I submit this research proposal to the YC 121 New Eden capsuleer writing contest.
Note: a version of this text where links to references publicly available have been included can be found here. I apologize for the inconvenience. This forum system does not allow for a new user to post more than two outgoing links and this is my first time on this medium.
Early-life traumatic experiences as predictor of capsule compatibility
Sky Seolec (Sb.), PhD
Floseswin Circle of Clone Psychology
Republic University, Floseswin, Metropolis
The capsuleer/clone combined technology developed two decades ago has significantly changed space travel, business and combat (1). It is well understood that capsule compatibility is a relatively rare human trait (initially considered below 0.5% but with the development of alpha clones now estimated by some researches as high as up to 10% of population (2)) and that it depends on both inherited and acquired physiological and psychological traits (3). The exact genes and environmental factors leading to capsule compatibility are a topic of extensive research, but exact mechanisms are still largely unknown, and drop-out rates of capsuleer training remain extraordinarily high (up to 86 % of those initially tested as suitable candidates (4)).
Psychologically traumatic events can cause significant changes in an individual’s brain (5), and while many such changes are considered harmful, some could conceivably be beneficial to capsule compatibility. Such potentially compatibility-enhancing effects include altered cortisol responses to further stress (5), weaker attachment to kin groups (6), and decreased tendency to wait before risky decisions (7). Effects of traumatic experiences on cognition (5) could also explain the observation that while capsuleer IQ is generally high, their verbal output is not on par of the majority of adult population (8).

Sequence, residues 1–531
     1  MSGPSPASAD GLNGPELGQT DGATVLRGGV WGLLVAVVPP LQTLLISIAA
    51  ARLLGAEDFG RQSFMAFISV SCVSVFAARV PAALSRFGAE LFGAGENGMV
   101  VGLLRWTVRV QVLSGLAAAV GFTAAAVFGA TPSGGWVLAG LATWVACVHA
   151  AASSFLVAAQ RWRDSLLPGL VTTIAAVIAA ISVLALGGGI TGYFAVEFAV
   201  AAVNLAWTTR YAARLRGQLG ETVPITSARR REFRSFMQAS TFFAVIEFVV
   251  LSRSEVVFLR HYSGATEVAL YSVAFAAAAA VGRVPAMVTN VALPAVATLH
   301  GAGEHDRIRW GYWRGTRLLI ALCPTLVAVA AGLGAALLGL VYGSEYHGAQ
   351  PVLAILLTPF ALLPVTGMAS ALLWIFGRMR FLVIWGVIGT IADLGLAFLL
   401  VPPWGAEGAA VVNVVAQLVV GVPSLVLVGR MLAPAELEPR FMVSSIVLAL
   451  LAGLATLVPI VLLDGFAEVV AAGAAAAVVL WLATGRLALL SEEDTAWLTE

Our preliminary studies on subsets of the capsuleer population suggest that prevalence of psychological trauma - such as early life in slavery, being the victim of or witnessing violence, experiencing extreme helplessness, or losing kin or other significant support groups - is common among capsuleers, and that it often predates entry to the capsuleer training program (9). Some researchers have suggested that this is particularly common among independent capsuleers (as opposed to those of tribal or national fleets) (10).
However, comprehensive data on capsuleer candidates and graduated capsuleers is difficult to obtain (11). Data collection is not designed for research purposes, and recorded data is sparse and often classified. Informed consent for research purposes is lacking, especially for data during the early years of capsuleer programs. Longitudinal datasets that could conclusively prove cause and effect are in practice nonexistent.